Business, Featured, Security Connected

Shadow IT: Rogue Apps or Bring-Your-Own-Software?

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By on Sep 11, 2013

Among the business process disruptions wrought by the cloud is the ability for non-technical employees to make technology decisions. Thanks to self-service SaaS portals, Line of Business employees can bypass IT gatekeepers and decision-processes. Thanks to free or low-cost monthly subscriptions billed directly to a credit card, employees don’t need corporate purchase orders. With cloud-based services, company infrastructure is left largely untouched, so the non-sanctioned cloud apps can easily escape notice.

We know that Software as a Service (SaaS) decisions are increasingly being made by non-technical employees. We know it from the aggressive marketing efforts of SaaS vendors who are targeting a fresh category of buyers. We know it from the back-office grumblings of IT, security and compliance officers. We know it from looking around our own office, at our colleagues who blithely use DropBox, LinkedIn, Mozy, and other non-corporate SaaS apps to conduct business.

What we don’t know is how much, how often, and why. And without knowing that, we can’t determine if the trend heralds a blessing or a curse – and what businesses should do about it.

To better understand “shadow IT,” we invite you to join Frost & Sullivan and McAfee for a webinar on Wednesday, Sept. 18. We will explore the perceptions, facts, drivers, and challenges associated with non-sanctioned SaaS applications in the workplace.   

There are plenty of opinions in the market. At one extreme are the traditionalists – those who believe technology belongs in the hands of IT specialists, and other employees are too naïve, careless, or opportunistic to be trusted with the security keys to the kingdom. This school of thought calls for tight restrictions over employees’ use of technology – something that is harder and harder to sustain in a time of Bring-Your-Own-Device (BYOD), remote workers, and Internet accessible applications.

At the other extreme are the libertarians, who argue that technology choices belong to the employee, and given sufficient freedom, employees will find the applications and devices that help them perform their jobs best.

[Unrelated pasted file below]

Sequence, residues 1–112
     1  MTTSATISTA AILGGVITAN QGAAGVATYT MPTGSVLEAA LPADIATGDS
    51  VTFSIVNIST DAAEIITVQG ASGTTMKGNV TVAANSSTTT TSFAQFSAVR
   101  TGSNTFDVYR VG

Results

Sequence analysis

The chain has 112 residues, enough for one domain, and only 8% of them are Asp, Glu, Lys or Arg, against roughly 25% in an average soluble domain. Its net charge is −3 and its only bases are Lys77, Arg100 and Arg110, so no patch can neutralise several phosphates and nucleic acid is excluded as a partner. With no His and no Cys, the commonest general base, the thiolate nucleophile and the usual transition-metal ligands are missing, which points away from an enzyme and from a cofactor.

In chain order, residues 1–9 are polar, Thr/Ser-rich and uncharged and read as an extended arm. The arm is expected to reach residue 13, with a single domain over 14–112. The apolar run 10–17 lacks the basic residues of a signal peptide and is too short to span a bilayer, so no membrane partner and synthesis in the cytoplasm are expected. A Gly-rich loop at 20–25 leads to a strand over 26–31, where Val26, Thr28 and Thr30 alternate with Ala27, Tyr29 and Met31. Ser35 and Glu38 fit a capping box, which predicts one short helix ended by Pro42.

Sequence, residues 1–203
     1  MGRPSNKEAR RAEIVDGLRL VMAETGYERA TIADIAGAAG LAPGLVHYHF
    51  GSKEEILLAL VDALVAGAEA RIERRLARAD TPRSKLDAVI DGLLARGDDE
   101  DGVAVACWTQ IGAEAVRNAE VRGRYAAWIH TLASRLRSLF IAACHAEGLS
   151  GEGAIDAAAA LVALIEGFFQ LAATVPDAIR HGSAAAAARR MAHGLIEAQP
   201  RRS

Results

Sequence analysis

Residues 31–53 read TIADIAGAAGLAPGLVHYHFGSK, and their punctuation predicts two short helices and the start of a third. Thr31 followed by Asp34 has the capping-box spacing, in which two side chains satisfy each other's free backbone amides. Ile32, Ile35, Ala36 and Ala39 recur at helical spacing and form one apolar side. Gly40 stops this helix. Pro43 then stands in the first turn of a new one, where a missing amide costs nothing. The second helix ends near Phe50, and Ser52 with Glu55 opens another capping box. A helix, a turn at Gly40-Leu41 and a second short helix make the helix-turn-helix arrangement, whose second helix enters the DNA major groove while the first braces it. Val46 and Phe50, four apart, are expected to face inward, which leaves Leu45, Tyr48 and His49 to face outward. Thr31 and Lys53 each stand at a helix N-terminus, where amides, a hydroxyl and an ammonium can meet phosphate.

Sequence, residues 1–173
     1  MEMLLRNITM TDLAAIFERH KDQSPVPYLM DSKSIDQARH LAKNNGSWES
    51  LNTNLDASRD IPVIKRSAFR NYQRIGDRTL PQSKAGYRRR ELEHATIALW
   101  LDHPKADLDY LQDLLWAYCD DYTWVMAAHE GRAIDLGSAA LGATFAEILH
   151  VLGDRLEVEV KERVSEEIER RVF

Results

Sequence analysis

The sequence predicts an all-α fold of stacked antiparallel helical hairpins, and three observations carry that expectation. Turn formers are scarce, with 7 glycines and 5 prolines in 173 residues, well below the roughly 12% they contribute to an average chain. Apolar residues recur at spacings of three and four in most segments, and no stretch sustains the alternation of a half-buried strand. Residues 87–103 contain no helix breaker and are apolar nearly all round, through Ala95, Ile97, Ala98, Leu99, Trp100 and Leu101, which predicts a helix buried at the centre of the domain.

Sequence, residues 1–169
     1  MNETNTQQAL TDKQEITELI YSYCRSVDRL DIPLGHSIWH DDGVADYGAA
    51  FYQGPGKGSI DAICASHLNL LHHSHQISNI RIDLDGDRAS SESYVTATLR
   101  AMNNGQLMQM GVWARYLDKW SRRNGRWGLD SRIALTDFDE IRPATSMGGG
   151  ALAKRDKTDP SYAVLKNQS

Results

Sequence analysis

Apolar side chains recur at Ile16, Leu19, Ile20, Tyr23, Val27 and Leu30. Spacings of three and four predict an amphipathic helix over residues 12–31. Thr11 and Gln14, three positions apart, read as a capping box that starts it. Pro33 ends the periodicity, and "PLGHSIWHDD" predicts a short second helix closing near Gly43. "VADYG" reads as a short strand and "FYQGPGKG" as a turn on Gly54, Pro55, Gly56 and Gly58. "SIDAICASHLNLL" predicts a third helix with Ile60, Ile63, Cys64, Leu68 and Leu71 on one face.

Somewhere in the middle are overworked IT managers who turn a blind eye to employee use of non-sanctioned apps, especially those that don’t “touch” corporate data bases. The more employees can do for themselves, the shorter the endless to-do list. Also in the middle are equally overworked employees who, chafing at the budgetary and time hurdles erected by IT, are struggling to meet their performance objectives. To them, SaaS subscriptions are an example of the kind of “get it done” resourcefulness that businesses reward.

Even the names we use to describe non-sanctioned applications reveal the industry conflict and our personal biases. To some, they are “rogue” apps – a mildly pejorative term meaning “unprincipled, deceitful, and mischievous.”  To others, they are an example of “Bring Your Own Software” or BYOS, a logical and positive extension of the “Bring Your Own Device” movement.

Of course, there are risks associated with non-sanctioned SaaS subscriptions infiltrating the corporation, particularly related to security, compliance, and availability. Without appropriate knowledge, non-technical employees may choose SaaS providers or configurations that do not measure up to corporate standards for data protection and encryption. They may not realize that their use of such applications may violate regulations concerning handling and storage of private customer data, leaving the company liable for breaches. They may not appropriately back up the data or ensure the application remains available to users in the event of a failure or disruption.

But how great are the risks?  And do potential risks factor into employee SaaS decisions?

Ideally, businesses want the best of all worlds: employees should have a choice of applications that IT has vetted for adherence to corporate requirements for security, performance, and compliance.

But we can’t get there unless we better understand what current perceptions and behaviors look like. How widespread is non-sanctioned SaaS in the workplace?  What drives employees to circumvent IT processes? How concerned is IT about the risks – and are their concerns based on actual experience or “gut feel”?

To find out, Stratecast and McAfee are currently running a survey of IT and Line of Business users around the world. We are asking about policies and processes. Drivers and restraints. Biases and attitudes. And we are asking not only about SaaS categories, but about usage and perceptions regarding specific SaaS software.

We don’t know whether our findings will confirm or confound prevailing wisdom regarding SaaS in the workplace. Either way, we believe the survey will provide valuable data that we (and all businesses) can use to help build the ideal SaaS policy.

We invite you to join Frost & Sullivan and McAfee on September 18 for a webinar, The Security Impact of Employee-Deployed Cloud Applications (aka Shadow IT). We will go through results of the survey, fresh from the field. We will also discuss a new approach to enterprise SaaS – one that combines users’ freedom to choose with IT’s need to control security risks. You’ll walk away with the tools you need to eliminate the risk introduced by rogue IT. Please register here.

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